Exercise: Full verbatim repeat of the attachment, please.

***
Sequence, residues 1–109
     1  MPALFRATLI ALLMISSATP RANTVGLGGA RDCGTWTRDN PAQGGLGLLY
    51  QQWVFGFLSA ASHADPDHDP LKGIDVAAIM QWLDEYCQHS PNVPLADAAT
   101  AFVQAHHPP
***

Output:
Sequence, residues 1–109
     1  MPALFRATLI ALLMISSATP RANTVGLGGA RDCGTWTRDN PAQGGLGLLY
    51  QQWVFGFLSA ASHADPDHDP LKGIDVAAIM QWLDEYCQHS PNVPLADAAT
   101  AFVQAHHPP